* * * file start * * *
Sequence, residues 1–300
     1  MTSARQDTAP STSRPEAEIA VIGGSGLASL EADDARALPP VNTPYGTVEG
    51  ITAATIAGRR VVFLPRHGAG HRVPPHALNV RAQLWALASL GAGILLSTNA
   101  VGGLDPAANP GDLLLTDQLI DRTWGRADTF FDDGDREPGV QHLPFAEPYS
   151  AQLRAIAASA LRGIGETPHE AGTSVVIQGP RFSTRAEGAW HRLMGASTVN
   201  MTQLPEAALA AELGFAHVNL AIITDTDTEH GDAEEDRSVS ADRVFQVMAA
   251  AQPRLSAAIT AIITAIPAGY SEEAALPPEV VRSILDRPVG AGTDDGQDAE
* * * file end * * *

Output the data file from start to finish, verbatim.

Sequence, residues 1–300
     1  MTSARQDTAP STSRPEAEIA VIGGSGLASL EADDARALPP VNTPYGTVEG
    51  ITAATIAGRR VVFLPRHGAG HRVPPHALNV RAQLWALASL GAGILLSTNA
   101  VGGLDPAANP GDLLLTDQLI DRTWGRADTF FDDGDREPGV QHLPFAEPYS
   151  AQLRAIAASA LRGIGETPHE AGTSVVIQGP RFSTRAEGAW HRLMGASTVN
   201  MTQLPEAALA AELGFAHVNL AIITDTDTEH GDAEEDRSVS ADRVFQVMAA
   251  AQPRLSAAIT AIITAIPAGY SEEAALPPEV VRSILDRPVG AGTDDGQDAE